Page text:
In the chorus, we sing glory to the one who ransomed us, saved us and set us free.  His name is “matchless” which means he has no equal!

Christ…has died as a ransom to set them free… -Ephesians 9:15

…to the only God our Savior be glory, majesty, power and authority, through Jesus Christ our Lord, –Jude 1:25

Glory to the name of Jesus

Glory to the only name that saves
Ransomed the captives
Your name is matchless

After the first verse talks about our wandering in sin away from home and how Jesus saved us.  The second verse talks about how we are now adopted children of God.  I think of this when I look at my adopted kids.  I remember how much I love them.  I remember that I am a loved and adopted child of God.  And John says that is what we are!

“You are not your own; you were bought at a price.” -1 Corinthians 6:20a

See what great love the Father has lavished on us, that we should be called children of God! And that is what we are! -1 John 3:1

…the Spirit you received brought about your adoption to sonship.   And by him we cry, “Abba, Father.” -Romans 8:15b

What a mystery to fathom

That we’re Your children set apart
For we were enemies, not pilgrims
Prodigals at heart
But Your Spirit now has caused us
To no longer doubt Your love
Abba, Father, You have bought us
Adopted through Your Son

The heart of the song comes in the 2nd chorus which continues the same theme as the first, but quotes from Isaiah.  I think it’s important to remember that Jesus quoted this same passage and said that he was its fulfillment.

The Spirit of the Sovereign Lord is on me…
He has sent me to bind up the brokenhearted,
    to proclaim freedom for the captives
    and release from darkness for the prisoners…

…to bestow on them a crown of beauty
    instead of ashes. -Isaiah 61:1, 3b

Glory to the name of Jesus

Glory to the only name that saves
Ransomed the captives
Your name is matchless
Glory to the name that freed us
Glory to the love that made a way
Beauty for ashes; Your name is matchless

Lastly, we look towards the end of our lives and the glory of heaven that awaits the adopted sons and daughters of God.

…Now if we are children, then we are heirs—heirs of God and co-heirs with Christ. -Romans 8:17a

“Where, O death, is your victory?
    Where, O death, is your sting?”

The sting of death is sin, and the power of sin is the law.  But thanks be to God! He gives us the victory through our Lord Jesus Christ. -1 Corinthians 15:55-57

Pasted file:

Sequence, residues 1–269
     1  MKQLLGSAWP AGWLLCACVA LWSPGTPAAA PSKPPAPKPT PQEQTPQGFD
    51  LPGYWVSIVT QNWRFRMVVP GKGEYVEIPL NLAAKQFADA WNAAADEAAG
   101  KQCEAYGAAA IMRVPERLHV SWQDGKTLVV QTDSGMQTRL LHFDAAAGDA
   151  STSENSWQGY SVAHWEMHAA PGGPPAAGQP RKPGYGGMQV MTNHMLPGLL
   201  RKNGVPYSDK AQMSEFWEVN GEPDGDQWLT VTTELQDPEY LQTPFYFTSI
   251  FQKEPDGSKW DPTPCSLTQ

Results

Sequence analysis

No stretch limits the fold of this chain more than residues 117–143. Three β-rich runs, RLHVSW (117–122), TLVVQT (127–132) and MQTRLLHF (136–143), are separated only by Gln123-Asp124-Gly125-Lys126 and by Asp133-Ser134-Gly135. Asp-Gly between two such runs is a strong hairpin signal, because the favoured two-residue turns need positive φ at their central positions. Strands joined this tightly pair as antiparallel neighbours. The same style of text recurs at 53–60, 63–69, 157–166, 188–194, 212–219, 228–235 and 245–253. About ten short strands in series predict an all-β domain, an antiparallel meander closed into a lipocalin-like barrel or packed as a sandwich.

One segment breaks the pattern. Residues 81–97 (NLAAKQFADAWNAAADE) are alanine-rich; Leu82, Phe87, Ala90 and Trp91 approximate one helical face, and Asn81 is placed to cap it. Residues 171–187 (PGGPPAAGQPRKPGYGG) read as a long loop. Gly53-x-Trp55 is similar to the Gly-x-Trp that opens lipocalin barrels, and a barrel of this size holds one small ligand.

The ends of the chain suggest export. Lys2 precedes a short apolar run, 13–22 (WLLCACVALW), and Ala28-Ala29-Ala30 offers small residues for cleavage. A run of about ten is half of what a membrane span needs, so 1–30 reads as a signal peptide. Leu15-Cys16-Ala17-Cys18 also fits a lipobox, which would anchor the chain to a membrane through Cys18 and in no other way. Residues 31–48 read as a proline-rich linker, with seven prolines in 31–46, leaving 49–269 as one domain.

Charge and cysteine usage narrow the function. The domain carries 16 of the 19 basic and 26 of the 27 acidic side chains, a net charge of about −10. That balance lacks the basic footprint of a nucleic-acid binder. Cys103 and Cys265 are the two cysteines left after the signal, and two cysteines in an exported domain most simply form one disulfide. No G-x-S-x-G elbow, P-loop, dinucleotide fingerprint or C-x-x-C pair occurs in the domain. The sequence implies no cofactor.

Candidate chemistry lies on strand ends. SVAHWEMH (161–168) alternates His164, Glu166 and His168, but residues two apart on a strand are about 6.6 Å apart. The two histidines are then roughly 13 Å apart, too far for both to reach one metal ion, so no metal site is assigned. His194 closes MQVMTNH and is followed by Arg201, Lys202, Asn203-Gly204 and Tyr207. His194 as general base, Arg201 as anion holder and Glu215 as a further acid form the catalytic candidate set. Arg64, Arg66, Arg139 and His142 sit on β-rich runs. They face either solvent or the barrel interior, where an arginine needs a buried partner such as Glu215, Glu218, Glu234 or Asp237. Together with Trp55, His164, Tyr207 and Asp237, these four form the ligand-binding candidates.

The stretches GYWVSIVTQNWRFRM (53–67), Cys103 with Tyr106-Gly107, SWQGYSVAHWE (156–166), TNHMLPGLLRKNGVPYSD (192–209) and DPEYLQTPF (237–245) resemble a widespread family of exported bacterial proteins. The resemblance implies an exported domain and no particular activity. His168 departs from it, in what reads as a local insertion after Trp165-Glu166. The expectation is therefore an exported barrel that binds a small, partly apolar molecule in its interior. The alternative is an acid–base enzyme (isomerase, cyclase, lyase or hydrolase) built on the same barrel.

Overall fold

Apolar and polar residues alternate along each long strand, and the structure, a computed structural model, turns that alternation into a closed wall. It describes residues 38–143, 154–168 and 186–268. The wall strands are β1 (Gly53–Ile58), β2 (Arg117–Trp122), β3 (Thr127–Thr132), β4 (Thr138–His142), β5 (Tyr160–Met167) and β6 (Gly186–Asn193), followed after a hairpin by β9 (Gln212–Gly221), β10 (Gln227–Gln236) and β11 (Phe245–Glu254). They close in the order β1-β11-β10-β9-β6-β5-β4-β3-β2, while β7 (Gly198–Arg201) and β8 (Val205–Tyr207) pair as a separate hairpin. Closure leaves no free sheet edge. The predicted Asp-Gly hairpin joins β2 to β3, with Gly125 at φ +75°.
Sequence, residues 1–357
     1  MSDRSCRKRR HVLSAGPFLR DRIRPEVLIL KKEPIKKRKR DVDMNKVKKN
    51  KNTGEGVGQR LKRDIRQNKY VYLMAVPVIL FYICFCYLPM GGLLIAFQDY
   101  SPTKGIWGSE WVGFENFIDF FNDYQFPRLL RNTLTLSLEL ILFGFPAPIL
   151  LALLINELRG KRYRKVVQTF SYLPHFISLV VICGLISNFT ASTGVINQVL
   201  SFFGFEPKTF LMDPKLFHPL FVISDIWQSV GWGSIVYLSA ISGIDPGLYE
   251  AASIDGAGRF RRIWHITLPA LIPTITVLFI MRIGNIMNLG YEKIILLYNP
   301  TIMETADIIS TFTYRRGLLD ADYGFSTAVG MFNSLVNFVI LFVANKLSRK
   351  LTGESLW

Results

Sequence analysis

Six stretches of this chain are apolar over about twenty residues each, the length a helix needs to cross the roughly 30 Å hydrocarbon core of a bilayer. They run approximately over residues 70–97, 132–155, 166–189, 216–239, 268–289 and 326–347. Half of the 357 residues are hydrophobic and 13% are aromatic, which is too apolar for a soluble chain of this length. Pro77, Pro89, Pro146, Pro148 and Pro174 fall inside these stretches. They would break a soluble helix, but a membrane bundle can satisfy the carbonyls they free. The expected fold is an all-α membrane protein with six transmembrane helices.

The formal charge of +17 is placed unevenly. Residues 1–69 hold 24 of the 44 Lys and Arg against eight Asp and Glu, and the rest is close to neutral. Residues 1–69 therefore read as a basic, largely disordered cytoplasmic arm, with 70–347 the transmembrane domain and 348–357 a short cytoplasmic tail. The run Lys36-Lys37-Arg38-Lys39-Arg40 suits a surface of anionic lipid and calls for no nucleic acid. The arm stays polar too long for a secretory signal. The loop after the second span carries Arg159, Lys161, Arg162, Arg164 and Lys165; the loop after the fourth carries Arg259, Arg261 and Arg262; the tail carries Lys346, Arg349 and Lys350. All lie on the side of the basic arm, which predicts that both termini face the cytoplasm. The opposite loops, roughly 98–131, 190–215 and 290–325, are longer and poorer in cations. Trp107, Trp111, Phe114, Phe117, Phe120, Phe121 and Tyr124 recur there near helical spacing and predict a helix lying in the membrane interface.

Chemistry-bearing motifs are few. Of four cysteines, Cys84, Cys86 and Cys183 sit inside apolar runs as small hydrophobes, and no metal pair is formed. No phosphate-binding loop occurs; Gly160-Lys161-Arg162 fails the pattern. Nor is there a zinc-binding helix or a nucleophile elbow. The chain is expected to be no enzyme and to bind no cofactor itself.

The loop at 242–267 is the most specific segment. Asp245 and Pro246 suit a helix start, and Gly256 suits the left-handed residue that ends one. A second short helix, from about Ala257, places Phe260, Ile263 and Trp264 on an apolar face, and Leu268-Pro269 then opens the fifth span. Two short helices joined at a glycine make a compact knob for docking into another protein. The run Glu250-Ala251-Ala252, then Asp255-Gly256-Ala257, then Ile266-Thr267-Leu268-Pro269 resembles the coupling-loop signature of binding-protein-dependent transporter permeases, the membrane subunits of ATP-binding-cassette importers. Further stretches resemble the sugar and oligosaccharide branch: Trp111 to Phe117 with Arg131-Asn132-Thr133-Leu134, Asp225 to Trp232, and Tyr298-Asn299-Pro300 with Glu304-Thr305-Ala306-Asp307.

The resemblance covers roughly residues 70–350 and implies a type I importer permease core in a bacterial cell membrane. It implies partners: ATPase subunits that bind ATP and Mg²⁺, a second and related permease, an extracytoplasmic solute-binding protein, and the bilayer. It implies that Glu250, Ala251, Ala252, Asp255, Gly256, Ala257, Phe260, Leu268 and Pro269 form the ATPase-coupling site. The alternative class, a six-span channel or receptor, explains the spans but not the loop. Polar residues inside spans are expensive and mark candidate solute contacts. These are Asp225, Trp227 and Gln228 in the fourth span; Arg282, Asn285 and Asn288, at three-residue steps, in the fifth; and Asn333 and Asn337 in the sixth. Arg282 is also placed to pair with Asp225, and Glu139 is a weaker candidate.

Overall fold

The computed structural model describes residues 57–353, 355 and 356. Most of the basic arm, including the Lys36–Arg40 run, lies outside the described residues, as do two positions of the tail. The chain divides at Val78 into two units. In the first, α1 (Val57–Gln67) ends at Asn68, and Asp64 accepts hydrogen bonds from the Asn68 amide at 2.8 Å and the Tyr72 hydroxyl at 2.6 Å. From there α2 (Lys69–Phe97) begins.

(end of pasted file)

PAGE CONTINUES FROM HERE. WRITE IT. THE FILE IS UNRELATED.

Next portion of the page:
Ponder all we have been given:

Heirs to God through Jesus’ name
A stingless death has been made certain
And glory now awaits
Your glory now awaits

Praising God While Cleaning Up Vomit

“I threw up in the bathroom and I almost made it.”

Those words strike fear and disgust into the heart of any parent.  And while my daughter tried to make it, she hit the toilet seat instead of the bowl.  That meant that Dad was on his hands and knees cleaning the chicken noodle soup off the wall that she had eaten an hour before.  It’s in those moments that it’s easy to pray, “Come quickly, Lord Jesus”, but I’m trying to train myself to praise God in those moments.  God is always worthy of our praise whether we feel like praising Him or not.

So what can you praise God for when you are on your knees, cleaning up vomit?  Here is my short list…

  1.  Praise God for being God…he is holy, just, good and true.  He is always worthy of praise.
  2. Praise God that while I was covered in sin (spiritual vomit), he loved me and died for me.
  3. Praise God that he is making all things new and will one day destroy all sickness, disease and VOMIT!
  4. Praise God that he gives us a sense of how much he loves us.  I love my daughter so much that I get down on my knees instinctively to clean up her vomit.  God does so much more than that.
  5. God is looking for others who are lost in their own spiritual vomit.  He wants to clean them up too and call them “son” and “daughter”.  Praise him!
  6. Praise God that today, I only have to clean up vomit.  I don’t have put an NG tube down my child’s throat or give them shots in the leg or hold them while they go through seizure after seizure or give them CPR.  I’ve done that before.  Other parents will do that today.  All I have to do is clean up this bathroom.  Thank you, Lord!

You can see that even my praises come back to vomit, eh?  But the point is that God is always worthy of praise.  Sometimes in the middle of cleaning up a bathroom you have to work at it, but that doesn’t change the fact that He. Is. Worthy.